C3a des Arg, Human, Natural
Catalog #: HC2127
Quantity: 50 µg
C3 is the third component of the complement system and plays a central role in the complement cascade. The three pathways of compliment activation come together- at this key molecule. Cleavage of the pivotal complement component C3 results in the generation of a set of effector molecules which have diverse biological functions. The cleavage product C3b promotes complement activation and the subsequent formation of the membrane attack complex. C3a, the small (ca. 10 kDa) cleavage product possesses anaphylatoxic as well as immunoregulatory- properties. It exerts its function through a specific receptor (C3aR), which belongs to the G-protein coupled receptor family. Expression of C3aR- has been reported in many cell types including myeloid and non-myeloid cells. C3a is a protein of 74 amino acids. C3a itself is very short-lived and in serum is cleaved rapidly into the more stable C3a-desArg (also called acylation stimulating protein, ASP). Expression of C3aR on haematopoietic stem/progenitor cells has been shown to promote the trafficking/homing of these cells to the BM. Engagement of C3aR on DCs and T cells has been shown to up-regulate these cell functions.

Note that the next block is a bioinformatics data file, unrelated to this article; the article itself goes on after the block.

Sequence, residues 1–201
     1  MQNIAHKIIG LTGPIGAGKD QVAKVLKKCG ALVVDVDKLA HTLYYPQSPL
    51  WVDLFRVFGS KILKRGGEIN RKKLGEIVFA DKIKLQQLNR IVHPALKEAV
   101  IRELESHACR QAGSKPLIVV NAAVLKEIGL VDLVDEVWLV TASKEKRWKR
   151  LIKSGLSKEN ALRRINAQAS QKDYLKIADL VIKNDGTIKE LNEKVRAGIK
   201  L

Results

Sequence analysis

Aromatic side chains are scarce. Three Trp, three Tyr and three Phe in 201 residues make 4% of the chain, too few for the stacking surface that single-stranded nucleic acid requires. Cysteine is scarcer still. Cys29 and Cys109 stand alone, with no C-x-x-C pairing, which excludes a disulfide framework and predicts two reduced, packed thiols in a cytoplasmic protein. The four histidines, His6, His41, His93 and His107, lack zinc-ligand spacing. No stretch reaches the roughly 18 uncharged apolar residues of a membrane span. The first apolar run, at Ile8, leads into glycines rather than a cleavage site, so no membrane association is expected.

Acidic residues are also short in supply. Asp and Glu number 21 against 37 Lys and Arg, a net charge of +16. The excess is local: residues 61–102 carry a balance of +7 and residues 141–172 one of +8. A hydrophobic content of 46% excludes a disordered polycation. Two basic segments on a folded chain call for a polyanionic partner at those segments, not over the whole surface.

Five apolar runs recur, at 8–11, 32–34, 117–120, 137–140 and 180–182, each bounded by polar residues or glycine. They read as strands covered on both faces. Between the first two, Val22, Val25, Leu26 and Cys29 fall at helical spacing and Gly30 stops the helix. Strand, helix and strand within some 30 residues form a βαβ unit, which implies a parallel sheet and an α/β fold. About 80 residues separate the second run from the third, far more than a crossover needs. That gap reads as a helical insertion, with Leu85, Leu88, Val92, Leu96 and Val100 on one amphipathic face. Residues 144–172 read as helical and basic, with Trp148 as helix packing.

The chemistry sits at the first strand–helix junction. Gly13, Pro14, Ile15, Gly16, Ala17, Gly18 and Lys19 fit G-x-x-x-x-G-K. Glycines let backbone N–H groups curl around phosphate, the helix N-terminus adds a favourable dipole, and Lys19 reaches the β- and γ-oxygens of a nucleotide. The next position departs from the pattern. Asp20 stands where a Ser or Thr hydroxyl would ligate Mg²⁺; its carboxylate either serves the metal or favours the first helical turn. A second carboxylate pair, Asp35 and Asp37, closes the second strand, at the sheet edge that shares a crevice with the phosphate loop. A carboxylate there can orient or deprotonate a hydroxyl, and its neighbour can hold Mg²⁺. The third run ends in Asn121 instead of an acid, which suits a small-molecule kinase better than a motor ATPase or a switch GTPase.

|Formulation||0.1 ml of approximately 0.5 mg/ml purified natural human C3a desArg isolated from healthy blood donors, in Phosphate buffered saline, pH 7.2..The blood donors have been tested and found negative for various viruses (see table: Human blood test results). The exact protein concentration and functional activity is indicated on the label.|
|Storage and stability||Product should be stored at -70 °C. Repeated freeze and thaw cycles will cause loss of activity. The exact expiry date is indicated on the label. Use C3a desArg protein within 24 hours after thawing and keep on ice. Remainder amounts should be aliquoted and immediately re-freezed for future use. Aliquots should never be thawed more than once. Under recommended storage conditions, product is stable for at least one year.|
|Disease||Infectious diseases, Nephrology|